Coincidence or right-wing ideological conspiracy? You decide…
On Thursday, the Manhattan Institute released a new report recycling the old story that the health care crisis is the result of too many greedy lawyers making money off of malpractice suits filed on behalf of brain-dead babies and maimed workers.
Forget that malpractice lawsuits amount to less than two percent of health care costs --as far as the Manhattan Institute is concerned, it's all about those greedy, greedy lawyers.
To be fair, the report isn't just about medical malpractice. It's also about greedy lawyers making money while driving hazardous drugs and potentially fatal medical devices -- that companies chose to peddle without revealing the risks -- off the market. And it's about lawyers making money by suing HMOs when they refuse to provide the lifesaving care their customers pay for.
Or in the Manhattan Institute's own words: "if today's leeches in the litigation industry are not constrained, they may suck the lifeblood out of the American health-care system."
The Manhattan Institute's solution turns out to be the same as the insurance industry (and the pharmaceutical industry) solution: stop people from suing.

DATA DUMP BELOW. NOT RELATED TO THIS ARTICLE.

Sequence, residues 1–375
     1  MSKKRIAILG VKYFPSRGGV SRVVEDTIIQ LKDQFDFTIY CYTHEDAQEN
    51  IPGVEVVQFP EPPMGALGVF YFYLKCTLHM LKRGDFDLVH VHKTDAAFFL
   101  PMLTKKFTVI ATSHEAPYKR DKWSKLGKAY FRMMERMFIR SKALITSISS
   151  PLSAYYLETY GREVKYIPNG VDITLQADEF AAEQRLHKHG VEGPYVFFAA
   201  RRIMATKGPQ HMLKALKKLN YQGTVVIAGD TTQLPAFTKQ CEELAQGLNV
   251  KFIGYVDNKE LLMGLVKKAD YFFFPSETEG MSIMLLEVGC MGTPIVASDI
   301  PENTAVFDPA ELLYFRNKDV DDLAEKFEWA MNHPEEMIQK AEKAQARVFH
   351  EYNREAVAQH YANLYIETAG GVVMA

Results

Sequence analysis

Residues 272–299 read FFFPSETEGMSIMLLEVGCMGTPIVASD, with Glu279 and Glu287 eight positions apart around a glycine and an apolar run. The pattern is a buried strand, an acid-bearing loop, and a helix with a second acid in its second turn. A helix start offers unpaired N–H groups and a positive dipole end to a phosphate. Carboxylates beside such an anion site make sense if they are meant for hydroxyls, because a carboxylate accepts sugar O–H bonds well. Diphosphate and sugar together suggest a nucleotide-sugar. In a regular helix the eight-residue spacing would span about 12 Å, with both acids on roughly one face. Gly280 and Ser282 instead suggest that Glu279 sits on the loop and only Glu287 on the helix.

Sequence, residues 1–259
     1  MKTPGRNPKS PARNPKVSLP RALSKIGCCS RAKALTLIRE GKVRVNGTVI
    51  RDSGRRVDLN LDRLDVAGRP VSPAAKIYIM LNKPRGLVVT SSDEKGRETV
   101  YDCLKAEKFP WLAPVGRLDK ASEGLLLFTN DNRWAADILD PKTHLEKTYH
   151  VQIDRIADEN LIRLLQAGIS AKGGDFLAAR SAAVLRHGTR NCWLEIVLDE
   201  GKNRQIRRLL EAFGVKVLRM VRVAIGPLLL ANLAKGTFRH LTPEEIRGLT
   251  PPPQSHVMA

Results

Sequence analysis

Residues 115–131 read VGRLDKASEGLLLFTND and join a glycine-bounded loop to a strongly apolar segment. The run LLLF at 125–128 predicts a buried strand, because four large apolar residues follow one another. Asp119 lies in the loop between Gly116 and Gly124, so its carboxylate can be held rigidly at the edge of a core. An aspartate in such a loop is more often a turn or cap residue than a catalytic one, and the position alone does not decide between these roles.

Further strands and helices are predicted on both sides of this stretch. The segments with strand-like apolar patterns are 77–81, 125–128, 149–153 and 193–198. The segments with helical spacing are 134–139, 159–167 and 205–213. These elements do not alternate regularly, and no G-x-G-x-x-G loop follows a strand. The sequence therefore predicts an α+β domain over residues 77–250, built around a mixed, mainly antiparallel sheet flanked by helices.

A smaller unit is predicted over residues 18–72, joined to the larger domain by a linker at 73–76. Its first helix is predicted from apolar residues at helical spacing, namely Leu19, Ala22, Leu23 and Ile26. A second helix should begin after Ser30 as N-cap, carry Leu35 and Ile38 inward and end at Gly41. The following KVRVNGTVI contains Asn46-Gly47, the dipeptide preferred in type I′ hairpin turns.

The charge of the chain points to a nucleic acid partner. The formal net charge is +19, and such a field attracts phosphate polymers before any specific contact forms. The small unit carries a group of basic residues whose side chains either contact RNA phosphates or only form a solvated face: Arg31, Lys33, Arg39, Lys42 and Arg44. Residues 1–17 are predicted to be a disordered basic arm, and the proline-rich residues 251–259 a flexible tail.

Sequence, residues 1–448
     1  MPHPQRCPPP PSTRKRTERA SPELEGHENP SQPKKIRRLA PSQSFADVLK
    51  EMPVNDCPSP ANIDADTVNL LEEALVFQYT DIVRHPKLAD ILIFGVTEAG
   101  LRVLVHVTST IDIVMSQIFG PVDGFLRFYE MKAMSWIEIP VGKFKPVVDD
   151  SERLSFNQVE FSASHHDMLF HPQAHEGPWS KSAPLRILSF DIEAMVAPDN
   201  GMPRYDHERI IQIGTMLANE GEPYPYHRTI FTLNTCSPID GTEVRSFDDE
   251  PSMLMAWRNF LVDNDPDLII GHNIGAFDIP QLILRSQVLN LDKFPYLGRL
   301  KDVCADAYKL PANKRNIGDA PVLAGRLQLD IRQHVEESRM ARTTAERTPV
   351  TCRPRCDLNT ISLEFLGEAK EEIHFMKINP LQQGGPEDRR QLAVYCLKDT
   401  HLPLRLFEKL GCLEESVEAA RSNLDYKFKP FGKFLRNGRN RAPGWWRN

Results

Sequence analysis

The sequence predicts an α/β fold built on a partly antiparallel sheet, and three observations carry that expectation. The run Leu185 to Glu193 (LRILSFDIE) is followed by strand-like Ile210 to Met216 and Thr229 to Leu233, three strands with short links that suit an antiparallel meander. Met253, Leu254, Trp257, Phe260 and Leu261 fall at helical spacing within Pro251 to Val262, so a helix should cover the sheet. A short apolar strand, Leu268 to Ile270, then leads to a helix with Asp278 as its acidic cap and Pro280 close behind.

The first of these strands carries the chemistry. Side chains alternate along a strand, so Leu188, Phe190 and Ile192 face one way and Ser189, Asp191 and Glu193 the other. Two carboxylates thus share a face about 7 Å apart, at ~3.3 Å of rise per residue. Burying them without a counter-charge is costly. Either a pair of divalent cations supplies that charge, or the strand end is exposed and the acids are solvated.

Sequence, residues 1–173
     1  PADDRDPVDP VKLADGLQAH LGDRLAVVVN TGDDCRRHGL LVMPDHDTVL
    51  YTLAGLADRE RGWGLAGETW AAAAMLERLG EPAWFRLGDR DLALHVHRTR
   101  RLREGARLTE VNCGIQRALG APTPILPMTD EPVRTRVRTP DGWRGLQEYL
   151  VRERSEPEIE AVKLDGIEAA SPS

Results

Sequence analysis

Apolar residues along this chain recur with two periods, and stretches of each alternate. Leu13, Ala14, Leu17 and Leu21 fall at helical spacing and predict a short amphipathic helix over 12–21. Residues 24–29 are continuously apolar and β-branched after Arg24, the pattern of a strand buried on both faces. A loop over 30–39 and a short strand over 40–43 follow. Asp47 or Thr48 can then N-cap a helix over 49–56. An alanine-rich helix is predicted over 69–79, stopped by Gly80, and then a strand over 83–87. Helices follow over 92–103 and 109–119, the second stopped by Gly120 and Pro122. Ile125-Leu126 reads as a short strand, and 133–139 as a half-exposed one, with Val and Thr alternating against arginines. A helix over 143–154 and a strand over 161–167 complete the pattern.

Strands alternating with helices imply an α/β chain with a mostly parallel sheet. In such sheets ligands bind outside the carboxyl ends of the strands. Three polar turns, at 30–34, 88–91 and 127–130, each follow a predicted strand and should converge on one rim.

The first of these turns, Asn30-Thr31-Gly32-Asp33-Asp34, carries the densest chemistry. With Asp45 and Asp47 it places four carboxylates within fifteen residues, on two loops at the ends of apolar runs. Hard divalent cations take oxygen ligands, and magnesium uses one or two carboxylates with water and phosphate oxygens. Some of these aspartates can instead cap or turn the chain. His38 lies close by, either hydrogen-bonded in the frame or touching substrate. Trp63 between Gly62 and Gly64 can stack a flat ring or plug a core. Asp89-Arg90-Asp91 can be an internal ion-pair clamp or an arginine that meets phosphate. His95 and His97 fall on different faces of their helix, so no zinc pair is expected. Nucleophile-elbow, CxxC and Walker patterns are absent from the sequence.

You do this by putting caps on damages awarded to victims, which will have the (un)intended effect of preventing regular Americans from ever entering a courtroom because who can afford to hire a lawyer to take on cases unless it's on a contingency basis with the prospect of a large payment if the settlement is big. And then if there's some recalcitrant state that still wants to provide Americans access to the justice system, you let the federal government preempt them.
Volia! Regular citizens can't hold negligent hospitals, knowing purveyors of dangerous drugs, or profiteering HMOs liable for their actions any more. It won't actually do much to lower anyone's health care costs, but wrongdoers are off the hook.
In short, this is another sign that The Manhattan Institute, once the embodiment of pragmatism, is intentionally turning its head away from the only proven solution to keeping health care costs down: regulating the insurance industry.